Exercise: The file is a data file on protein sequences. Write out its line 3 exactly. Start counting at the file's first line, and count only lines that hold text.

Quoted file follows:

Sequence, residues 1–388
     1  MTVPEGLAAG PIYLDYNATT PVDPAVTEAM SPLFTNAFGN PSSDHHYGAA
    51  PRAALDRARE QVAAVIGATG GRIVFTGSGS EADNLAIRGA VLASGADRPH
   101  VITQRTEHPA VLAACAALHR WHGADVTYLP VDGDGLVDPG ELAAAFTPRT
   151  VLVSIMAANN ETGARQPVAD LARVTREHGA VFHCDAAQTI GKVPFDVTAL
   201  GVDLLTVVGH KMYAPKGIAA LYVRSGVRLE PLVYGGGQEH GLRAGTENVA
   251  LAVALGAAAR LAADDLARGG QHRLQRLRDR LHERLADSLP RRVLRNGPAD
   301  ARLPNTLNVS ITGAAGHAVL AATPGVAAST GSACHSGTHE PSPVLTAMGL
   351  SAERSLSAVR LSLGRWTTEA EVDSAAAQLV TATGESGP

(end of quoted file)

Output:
    51  PRAALDRARE QVAAVIGATG GRIVFTGSGS EADNLAIRGA VLASGADRPH